Practicing the Traditional Use and Form of Haiku Poetry
by Tameko Barnette
In the 20th and 21st centuries, most writers and people who take writing classes are introduced to the popular form of the seventeen-syllable Haiku poem. Even with the historical information of Matsuo Basho, a Buddhist monk and poet, who was instructed by his teacher to write Haiku as a form of poetry that would assist him in learning concentration, mindfulness, and how to cultivate inner peace, students and poetry enthusiasts would still use the pattern of seventeen syllables within three lines. What did Matsuo Basho write that was so different from this particular form?
The poem often shared is called, "Old Pond." It reads as follows:
An old pond,
the frog leaps in --
As it shows, this poem doesn't have seventeen syllables, but it does have two images and a third line that is supposed to juxtapose the images.
One running theme from the 17th century to 21st century is common and that is the contemplation of nature; whether it is the nature of the plant and animal kingdoms or the nature of human life, which is often found in contemporary Haiku. The traditional use and form of Haiku brings to mind the question of what would a poem in that form, even shorter than seventeen syllables with two images that are opposites, how would it sound and feel?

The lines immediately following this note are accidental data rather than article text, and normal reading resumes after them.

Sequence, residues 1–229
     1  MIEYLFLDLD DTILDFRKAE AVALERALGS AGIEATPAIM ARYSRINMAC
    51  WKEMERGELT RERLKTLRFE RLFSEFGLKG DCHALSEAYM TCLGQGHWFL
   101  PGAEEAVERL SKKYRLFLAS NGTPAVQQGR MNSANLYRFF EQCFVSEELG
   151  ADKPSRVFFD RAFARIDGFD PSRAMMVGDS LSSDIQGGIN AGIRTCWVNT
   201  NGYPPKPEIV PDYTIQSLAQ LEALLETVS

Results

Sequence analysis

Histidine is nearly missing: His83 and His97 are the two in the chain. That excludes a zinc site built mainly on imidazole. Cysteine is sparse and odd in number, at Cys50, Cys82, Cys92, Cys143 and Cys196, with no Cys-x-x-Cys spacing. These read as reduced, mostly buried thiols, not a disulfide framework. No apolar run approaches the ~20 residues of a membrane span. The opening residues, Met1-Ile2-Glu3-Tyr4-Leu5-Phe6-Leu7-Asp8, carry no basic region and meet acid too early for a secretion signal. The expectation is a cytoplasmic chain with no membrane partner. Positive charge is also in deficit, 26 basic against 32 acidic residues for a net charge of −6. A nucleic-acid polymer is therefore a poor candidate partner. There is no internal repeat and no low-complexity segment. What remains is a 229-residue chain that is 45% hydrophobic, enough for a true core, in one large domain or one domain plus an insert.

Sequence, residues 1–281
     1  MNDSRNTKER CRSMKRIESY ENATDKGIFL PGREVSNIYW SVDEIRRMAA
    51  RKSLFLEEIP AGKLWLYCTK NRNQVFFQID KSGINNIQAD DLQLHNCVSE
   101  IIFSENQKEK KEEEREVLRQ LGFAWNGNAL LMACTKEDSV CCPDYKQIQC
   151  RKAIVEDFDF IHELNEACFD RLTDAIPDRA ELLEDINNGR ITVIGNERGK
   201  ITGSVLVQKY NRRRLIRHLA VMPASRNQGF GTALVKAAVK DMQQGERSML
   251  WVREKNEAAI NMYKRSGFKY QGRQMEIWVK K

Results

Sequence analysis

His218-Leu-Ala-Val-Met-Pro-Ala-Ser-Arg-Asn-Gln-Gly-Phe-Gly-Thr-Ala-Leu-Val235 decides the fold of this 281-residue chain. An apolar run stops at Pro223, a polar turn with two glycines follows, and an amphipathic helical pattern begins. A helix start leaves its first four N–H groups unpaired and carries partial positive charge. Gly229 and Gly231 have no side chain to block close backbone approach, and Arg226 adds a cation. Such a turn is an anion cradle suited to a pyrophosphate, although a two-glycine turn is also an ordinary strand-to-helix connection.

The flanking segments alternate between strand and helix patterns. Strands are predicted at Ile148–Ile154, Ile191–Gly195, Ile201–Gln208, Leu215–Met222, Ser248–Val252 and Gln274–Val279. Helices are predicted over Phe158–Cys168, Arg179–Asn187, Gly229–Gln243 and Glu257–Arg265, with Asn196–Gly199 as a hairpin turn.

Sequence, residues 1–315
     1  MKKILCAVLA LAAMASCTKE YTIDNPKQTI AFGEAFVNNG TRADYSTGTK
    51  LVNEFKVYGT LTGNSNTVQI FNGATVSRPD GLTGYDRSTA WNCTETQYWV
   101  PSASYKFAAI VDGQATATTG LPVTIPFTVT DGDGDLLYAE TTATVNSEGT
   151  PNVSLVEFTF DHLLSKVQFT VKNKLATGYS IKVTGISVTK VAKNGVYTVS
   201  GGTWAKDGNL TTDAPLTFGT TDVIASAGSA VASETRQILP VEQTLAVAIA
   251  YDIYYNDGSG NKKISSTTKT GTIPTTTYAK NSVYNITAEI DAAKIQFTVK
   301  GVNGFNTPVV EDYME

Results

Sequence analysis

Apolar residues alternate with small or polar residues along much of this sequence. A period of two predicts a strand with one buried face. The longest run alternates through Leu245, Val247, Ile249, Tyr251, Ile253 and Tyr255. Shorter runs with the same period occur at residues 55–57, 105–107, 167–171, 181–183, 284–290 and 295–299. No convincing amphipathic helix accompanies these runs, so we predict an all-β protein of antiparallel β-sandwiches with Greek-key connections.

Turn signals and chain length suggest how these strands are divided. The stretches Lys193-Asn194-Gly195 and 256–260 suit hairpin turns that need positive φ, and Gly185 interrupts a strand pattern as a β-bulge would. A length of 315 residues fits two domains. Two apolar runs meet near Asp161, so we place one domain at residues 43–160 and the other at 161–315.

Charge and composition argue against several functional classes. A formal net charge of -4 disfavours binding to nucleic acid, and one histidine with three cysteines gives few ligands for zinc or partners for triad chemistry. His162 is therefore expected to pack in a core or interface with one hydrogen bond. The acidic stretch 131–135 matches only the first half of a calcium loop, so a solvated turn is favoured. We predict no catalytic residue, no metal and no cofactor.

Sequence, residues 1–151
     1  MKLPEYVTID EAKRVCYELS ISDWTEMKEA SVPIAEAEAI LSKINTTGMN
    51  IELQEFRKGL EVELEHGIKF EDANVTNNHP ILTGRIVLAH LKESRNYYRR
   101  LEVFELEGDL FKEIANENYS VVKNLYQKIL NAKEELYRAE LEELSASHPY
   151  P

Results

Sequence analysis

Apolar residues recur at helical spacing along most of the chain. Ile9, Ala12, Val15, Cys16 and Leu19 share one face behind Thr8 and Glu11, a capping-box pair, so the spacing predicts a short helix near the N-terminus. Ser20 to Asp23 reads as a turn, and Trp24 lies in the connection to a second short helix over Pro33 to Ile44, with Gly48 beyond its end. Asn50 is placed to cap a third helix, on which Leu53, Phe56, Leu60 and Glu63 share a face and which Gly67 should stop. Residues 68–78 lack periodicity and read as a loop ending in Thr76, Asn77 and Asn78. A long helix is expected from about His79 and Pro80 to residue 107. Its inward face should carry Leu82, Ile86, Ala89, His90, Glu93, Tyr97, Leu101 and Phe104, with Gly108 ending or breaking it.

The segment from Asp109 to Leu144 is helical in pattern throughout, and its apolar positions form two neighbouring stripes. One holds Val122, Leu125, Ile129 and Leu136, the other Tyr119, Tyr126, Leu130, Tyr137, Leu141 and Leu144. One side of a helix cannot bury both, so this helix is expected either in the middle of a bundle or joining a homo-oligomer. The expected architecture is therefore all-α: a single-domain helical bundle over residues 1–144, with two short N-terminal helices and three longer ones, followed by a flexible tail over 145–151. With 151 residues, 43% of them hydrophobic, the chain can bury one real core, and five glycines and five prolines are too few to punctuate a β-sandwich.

Perhaps, it could sound and feel like this one:
a coffee shop,
the man eats french fries;
no outside food allowed
This was a quick attempt to bring together two images that reflect the nature of human life yet, they juxtapose each other. Haiku poetry is far more than a form that helps a person who naturally leans towards brevity; it can literally help with concentration, mindfulness, and with enough practice, the cultivation of inner peace.
In conclusion, research the Haiku poem and use this traditional style to see where it takes your thoughts, your concentration, and your writing.